As well as starring in the West End, you have also appeared in several shows in regional theatres. What are the highlights of your time touring and playing in theatres outside of London?
Sheffield at Christmas was (surprisingly) beautiful – especially the Peak District.
You have performed in Beauty and The Beast and Snow White. What do you like about pantomimes and which other roles would you love to play?
I like the interaction with the audience. The breaking of the fourth wall, if you will. There is something extremely exciting about that connection between audience and actor, something very live and present. My very favourite moments are when things go horribly wrong.
You co-wrote and starred in a new adaptation of Box and Cox at the Hen & Chickens Theatre in Highbury. What is the play about and what was it like re-creating something in your own style?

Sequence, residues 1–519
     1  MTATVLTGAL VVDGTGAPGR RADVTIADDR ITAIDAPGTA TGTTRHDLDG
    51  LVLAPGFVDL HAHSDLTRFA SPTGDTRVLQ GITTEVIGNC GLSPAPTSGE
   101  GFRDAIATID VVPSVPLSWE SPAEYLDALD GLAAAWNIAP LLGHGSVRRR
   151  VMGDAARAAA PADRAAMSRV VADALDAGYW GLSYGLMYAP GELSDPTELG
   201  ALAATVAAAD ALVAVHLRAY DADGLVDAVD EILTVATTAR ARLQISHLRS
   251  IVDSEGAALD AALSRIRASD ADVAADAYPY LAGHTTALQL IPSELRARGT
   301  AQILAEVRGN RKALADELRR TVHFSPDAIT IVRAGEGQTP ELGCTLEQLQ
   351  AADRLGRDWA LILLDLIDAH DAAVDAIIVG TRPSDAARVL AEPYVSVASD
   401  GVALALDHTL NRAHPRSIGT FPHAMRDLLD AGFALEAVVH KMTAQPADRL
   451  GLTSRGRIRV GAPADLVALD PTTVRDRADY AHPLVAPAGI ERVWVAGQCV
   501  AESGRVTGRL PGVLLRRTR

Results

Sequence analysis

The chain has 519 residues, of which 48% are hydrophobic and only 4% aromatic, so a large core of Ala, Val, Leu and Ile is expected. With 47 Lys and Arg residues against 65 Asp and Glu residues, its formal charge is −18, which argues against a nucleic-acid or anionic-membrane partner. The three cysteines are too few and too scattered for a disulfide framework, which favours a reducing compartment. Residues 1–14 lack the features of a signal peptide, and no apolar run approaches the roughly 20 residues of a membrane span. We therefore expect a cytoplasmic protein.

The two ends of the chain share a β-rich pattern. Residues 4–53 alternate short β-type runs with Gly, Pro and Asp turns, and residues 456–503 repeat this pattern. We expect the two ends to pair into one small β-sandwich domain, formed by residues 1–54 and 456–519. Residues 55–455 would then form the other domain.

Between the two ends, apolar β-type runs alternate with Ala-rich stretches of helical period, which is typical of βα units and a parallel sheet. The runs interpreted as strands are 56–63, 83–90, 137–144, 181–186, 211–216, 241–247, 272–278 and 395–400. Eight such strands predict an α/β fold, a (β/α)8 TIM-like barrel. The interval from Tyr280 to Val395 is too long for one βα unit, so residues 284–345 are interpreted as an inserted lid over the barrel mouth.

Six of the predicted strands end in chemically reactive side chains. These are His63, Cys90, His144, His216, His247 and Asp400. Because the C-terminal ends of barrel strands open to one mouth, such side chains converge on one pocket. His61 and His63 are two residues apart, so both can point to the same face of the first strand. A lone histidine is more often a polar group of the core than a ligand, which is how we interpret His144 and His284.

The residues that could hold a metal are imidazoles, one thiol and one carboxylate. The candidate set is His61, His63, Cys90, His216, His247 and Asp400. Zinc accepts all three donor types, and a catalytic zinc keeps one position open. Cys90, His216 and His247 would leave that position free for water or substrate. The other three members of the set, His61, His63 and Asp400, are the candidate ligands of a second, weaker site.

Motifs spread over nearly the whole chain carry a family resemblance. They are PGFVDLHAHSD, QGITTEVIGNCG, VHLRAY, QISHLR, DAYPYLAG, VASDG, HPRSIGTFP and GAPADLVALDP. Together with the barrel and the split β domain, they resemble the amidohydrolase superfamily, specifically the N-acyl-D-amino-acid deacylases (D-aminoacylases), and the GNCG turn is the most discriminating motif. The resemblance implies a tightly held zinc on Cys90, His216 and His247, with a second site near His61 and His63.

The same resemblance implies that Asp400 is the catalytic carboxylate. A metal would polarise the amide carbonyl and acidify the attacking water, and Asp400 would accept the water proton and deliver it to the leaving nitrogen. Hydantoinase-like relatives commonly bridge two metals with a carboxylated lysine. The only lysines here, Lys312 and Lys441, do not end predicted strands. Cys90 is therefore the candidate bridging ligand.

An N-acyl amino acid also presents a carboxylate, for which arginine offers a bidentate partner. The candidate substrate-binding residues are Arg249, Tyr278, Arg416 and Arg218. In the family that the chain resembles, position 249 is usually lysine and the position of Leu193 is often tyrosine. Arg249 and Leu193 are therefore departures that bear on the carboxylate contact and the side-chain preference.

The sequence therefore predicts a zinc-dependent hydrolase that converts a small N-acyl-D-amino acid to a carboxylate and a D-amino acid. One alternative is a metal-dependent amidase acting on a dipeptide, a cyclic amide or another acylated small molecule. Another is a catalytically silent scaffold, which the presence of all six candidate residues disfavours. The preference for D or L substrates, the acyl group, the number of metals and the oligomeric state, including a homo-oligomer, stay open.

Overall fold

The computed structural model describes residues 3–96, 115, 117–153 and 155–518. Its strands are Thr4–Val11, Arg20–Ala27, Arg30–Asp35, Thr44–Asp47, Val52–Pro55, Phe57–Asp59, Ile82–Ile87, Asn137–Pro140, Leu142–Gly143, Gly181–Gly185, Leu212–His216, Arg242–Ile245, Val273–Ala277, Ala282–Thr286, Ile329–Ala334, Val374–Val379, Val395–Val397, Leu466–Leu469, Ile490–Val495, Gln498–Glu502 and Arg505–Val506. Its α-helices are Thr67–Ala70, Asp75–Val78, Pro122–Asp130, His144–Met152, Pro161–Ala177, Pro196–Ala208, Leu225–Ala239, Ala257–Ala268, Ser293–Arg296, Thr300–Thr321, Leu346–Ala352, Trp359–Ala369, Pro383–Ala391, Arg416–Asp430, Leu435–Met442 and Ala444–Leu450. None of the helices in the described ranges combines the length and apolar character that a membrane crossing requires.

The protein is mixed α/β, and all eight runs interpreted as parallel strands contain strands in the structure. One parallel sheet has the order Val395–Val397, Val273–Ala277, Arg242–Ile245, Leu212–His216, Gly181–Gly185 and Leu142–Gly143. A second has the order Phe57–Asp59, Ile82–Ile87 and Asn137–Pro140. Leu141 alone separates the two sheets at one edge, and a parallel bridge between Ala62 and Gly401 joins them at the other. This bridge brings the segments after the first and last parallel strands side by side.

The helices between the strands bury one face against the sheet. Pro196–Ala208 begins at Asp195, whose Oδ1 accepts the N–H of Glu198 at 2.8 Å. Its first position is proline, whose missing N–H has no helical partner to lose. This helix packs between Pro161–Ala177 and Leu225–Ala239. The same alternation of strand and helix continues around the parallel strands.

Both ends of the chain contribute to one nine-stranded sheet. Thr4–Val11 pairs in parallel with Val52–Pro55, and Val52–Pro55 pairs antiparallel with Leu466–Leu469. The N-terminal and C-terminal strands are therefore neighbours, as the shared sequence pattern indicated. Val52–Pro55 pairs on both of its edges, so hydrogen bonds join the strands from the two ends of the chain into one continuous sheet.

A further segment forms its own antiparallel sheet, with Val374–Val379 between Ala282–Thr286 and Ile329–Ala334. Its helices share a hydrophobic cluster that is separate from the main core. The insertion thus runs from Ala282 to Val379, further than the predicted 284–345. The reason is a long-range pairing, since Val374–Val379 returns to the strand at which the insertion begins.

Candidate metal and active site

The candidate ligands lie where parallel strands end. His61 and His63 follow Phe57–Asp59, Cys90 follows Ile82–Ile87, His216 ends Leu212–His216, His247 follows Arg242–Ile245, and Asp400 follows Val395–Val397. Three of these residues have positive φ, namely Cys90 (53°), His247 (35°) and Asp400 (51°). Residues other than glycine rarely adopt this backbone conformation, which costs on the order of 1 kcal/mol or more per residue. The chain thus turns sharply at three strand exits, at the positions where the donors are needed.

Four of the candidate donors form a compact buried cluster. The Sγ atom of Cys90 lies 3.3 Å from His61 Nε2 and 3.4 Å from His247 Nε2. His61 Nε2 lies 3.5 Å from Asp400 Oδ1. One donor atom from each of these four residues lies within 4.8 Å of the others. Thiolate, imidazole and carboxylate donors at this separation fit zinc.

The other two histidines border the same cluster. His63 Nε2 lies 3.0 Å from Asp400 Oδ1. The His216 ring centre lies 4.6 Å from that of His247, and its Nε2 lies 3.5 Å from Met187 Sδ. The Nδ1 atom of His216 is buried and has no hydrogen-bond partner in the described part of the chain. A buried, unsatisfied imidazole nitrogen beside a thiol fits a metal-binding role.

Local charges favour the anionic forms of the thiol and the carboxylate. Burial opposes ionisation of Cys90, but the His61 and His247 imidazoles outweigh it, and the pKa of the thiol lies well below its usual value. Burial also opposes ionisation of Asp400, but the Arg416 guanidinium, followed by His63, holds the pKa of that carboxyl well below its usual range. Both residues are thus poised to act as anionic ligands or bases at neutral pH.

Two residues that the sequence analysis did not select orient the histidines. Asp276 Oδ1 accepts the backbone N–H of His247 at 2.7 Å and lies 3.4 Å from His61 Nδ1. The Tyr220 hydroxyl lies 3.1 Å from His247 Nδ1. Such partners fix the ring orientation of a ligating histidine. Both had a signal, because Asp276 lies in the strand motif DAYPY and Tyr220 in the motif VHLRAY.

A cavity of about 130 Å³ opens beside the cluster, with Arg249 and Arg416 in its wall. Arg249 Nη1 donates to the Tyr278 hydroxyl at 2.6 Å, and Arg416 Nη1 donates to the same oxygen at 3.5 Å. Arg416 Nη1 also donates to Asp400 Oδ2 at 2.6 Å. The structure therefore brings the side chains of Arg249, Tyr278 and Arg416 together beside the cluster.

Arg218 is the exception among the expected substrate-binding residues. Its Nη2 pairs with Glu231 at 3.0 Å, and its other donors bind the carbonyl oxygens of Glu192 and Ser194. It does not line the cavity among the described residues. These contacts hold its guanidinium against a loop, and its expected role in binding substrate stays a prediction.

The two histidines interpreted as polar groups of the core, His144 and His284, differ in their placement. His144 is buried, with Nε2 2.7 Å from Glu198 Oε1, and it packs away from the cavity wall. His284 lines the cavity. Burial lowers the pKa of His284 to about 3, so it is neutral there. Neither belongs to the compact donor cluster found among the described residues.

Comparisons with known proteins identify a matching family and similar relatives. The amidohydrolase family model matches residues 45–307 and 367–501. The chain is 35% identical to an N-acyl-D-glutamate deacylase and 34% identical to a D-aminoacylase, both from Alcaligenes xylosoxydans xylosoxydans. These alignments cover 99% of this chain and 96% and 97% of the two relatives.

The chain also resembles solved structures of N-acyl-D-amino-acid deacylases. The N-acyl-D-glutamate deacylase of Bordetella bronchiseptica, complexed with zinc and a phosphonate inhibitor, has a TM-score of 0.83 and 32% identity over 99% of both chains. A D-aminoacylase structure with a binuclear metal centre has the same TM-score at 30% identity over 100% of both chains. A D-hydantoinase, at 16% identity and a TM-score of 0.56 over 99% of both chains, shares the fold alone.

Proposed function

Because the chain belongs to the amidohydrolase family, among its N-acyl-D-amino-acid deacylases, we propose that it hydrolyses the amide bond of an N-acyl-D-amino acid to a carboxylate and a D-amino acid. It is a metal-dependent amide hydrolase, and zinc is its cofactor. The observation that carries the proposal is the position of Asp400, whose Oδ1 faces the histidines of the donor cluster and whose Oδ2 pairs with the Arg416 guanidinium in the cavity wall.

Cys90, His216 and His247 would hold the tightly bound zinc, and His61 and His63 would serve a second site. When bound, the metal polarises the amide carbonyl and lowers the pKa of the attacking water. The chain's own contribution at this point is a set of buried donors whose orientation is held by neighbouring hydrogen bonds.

Box and Cox is a Victorian play (later turned into a Comic Opera by Gilbert and Sullivan) that is about 2 men who rent the same room, unaware of the others’ existence as one works in the day and one works in the night. The original language is slightly antiquated so it was fun trying to adapt it (with Gabriel Vick) into more of a ‘contemporary’ Blackadder style. It is fascinating writing comic skits and seeing which jokes land and which, er, don’t.
What is it like performing in smaller theatres where the audience are ‘up close’?
Quite scary to be honest.
As a member of the band Teatro, the group’s debut album achieved gold record status and number 1 chart positions around the world. The group also performed for Her Majesty The Queen at the Royal Variety Performance. Can you tell us about your musical journey with Teatro and what more can we expect from the group?
The group was put together by Sony BMG after auditions around the world including the West End and Broadway and by coincidence I ended up in it with Simon Bailey (Phantom of the Opera, Les Mis) – a good friend of mine from school. It was all great fun – recording the album (I now have a gold disc on my wall – amazing), TV/Radio appearances, parties, premieres and concerts all over the world. Perhaps we’ll do a reunion tour in 20 years that no-one will care about.